It is important at this juncture to remember that Tsang was represented by experienced lawyers and one expects the client to be guided by the advice of his legal team.
When the ICAC used the threat of a search and seize warrant, the documents were produced. Any prosecutor requiring documents knows that a search warrant is usually necessary.
The judge then specifically criticized Tsang for remaining silent and not offering an explanation concerning the property or his relationship with various people including David Li.
The judge omitted the fact that the ICAC chose not to interview David Li, explaining that as they did not anticipate co-operation from him they decided not to try. I have to say that I have never heard a more fatuous excuse for not conducting an interview.
Surprisingly, the judge then commented that “the evidential value of these documents [is] worth nothing on their face…” Which, being the case, one wonders why they founded a costs order.
Tsang’s wife was a signatory to the lease but she declined to sign a witness statement prepared by the ICAC. Tsang’s lawyers argued that a wife is not compellable as a witness against her husband but the judge ruled that this did not apply to the document. This perfectly proper legal submission, too, was relied on as justification for the costs order.
Because Tsang failed to give an explanation for discrepancies and contradictions in the documents that he did not produce, the ICAC had to conduct further investigations into the rental payment. You and I might think that this is what the ICAC is paid to do but the judge appears to labor under the false impression that a person accused must assist in preparing the case against himself.
According to the judge, it took the ICAC over two and half years to complete what he calls “the fund flow investigation”, describing the time and effort spent as “huge”. As this “fund flow” was, essentially, the basis for the case against Tsang, it is unremarkable that it took time and effort.
Turning to the financial transactions in which he was involved, the judge complained that Tsang only admitted them after the formality of the bankers’ affirmations had been carried out and served as additional evidence. Why they were not served at the outset strikes me as somewhat less than efficient on the part of the prosecution. Every young barrister knows that any case involving bank statements requires formal proof by bankers.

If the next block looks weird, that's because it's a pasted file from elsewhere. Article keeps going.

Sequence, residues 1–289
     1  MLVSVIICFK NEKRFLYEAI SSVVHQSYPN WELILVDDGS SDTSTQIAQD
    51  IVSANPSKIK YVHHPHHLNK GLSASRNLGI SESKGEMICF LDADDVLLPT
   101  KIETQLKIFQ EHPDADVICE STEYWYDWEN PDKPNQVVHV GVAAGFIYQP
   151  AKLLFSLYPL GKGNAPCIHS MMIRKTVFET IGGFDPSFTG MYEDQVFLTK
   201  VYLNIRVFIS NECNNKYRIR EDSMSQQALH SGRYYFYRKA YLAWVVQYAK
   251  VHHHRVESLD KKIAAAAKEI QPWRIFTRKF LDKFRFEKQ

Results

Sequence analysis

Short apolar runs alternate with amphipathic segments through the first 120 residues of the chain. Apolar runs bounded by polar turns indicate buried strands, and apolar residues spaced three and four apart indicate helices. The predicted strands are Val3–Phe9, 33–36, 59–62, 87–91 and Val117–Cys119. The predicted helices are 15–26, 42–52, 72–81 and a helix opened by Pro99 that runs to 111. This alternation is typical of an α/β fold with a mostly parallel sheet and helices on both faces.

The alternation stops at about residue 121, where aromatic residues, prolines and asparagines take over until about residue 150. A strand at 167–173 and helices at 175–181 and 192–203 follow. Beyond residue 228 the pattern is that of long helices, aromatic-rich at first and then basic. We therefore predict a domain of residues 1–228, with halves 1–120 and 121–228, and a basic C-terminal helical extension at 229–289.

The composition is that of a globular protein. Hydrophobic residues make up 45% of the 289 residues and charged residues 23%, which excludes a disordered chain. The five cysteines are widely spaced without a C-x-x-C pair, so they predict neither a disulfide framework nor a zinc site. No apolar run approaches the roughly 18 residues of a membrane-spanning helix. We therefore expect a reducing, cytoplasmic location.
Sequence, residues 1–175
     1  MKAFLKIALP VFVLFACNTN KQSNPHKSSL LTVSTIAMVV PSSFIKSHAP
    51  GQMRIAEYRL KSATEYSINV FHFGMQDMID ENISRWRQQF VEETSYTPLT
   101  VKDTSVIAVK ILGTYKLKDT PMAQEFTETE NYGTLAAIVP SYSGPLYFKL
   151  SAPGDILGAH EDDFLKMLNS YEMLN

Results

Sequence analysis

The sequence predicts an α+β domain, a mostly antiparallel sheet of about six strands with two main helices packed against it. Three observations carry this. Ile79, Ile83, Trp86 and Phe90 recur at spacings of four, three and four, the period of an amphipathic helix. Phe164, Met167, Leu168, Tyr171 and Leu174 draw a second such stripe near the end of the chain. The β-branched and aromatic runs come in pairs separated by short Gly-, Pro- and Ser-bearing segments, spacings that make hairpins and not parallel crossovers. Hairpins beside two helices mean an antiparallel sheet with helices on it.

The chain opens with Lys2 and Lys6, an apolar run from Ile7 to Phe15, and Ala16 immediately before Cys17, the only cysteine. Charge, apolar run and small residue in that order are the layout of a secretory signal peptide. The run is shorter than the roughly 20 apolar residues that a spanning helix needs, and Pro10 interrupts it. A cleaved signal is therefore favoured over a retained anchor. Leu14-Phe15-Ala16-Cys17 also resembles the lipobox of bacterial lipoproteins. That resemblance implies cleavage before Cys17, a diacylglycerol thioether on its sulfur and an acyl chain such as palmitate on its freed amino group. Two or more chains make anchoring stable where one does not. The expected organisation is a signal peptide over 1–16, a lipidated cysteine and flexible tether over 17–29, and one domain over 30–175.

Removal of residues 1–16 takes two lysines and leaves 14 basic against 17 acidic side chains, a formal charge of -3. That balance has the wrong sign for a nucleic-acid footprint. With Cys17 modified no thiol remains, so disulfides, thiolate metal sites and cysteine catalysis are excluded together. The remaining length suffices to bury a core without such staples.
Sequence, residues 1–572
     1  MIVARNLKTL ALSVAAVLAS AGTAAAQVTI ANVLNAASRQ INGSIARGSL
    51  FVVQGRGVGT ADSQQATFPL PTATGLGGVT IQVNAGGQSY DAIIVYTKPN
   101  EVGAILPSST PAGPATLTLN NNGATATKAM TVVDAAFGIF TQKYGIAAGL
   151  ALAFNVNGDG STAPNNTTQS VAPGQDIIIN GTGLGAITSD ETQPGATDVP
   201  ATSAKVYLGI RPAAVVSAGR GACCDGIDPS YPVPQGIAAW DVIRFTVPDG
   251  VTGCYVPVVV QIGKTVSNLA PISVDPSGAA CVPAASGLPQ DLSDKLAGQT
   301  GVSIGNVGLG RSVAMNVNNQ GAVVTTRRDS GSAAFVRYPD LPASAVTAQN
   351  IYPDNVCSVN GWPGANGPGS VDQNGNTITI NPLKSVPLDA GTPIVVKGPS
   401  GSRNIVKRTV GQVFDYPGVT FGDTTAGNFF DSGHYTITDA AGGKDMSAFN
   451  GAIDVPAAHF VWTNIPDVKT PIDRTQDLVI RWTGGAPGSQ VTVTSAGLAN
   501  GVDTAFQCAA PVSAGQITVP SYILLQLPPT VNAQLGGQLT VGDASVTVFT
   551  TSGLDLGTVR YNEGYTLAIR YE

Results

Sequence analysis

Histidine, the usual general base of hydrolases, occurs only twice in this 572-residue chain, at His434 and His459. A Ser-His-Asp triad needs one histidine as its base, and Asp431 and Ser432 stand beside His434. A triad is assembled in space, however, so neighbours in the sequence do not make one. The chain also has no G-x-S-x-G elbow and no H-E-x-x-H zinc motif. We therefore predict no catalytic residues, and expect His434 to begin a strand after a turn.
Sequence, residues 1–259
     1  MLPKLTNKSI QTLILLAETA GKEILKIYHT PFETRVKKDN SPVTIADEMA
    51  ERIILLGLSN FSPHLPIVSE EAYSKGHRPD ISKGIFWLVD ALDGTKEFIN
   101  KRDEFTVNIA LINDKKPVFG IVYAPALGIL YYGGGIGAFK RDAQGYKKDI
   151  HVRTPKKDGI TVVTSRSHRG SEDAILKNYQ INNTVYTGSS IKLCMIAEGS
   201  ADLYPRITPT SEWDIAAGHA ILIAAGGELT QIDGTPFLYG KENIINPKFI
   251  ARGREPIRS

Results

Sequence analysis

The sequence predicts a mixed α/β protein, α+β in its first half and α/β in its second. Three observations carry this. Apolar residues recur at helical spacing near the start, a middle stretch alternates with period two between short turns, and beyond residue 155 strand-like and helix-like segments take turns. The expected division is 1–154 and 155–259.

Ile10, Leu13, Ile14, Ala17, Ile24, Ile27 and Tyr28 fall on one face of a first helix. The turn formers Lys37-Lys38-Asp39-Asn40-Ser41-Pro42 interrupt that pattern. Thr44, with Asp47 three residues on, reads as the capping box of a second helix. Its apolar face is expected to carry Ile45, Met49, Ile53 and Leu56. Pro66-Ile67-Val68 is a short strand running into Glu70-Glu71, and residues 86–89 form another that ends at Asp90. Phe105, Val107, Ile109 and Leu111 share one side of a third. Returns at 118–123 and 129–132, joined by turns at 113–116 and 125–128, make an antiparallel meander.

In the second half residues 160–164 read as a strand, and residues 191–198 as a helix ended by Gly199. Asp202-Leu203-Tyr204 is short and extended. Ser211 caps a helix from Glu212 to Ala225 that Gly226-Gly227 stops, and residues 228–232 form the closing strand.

Yet again, no competent counsel would admit such evidence without the formalities having been observed. It is not a question of “undeniability” as the judge moaned, but requiring the prosecution to do its job properly.
Much the same applies to the allegation of failing to admit the structure of the Shenzhen East Pacific Group Limited or the announcement by that company in various newspapers, evidence which was obtained by executing a search warrant against the newspapers. If it was essential to the prosecution case, one has to ask why they waited until January 2017 before doing so?
Another legal issue raised by the defense legal team related to whether or not the Chief Executive was bound by the Codes of Conduct with regard to disclosing matters to the Executive Council. The court ruled against the defense but in being guided by his lawyers, Tsang was held, in effect, to have willfully wasted the court’s time.
The judge’s characterizations of Tsang’s alleged transgressions did not merely whittle away the golden thread but tore it to shreds. The upshot was an order that he pay one-third of the prosecution’s costs including the expense of three counsel. Three counsel?
Not only three counsel but a QC from London, a Hong Kong SC and one of the most outstanding junior barristers in criminal practice in Hong Kong. Why, one asks, was it necessary to instruct a London QC? To assert, as the Department of Justice did, that none of Hong Kong’s QCs or SCs was capable of the job is arrant rubbish.
The very decision to seek a re-trial on what, objectively, was a dubious allegation did not inspire confidence in the corporate judgment of the Department of Justice. At least they did not try to load part of the cost of the ruptured second enterprise onto Tsang.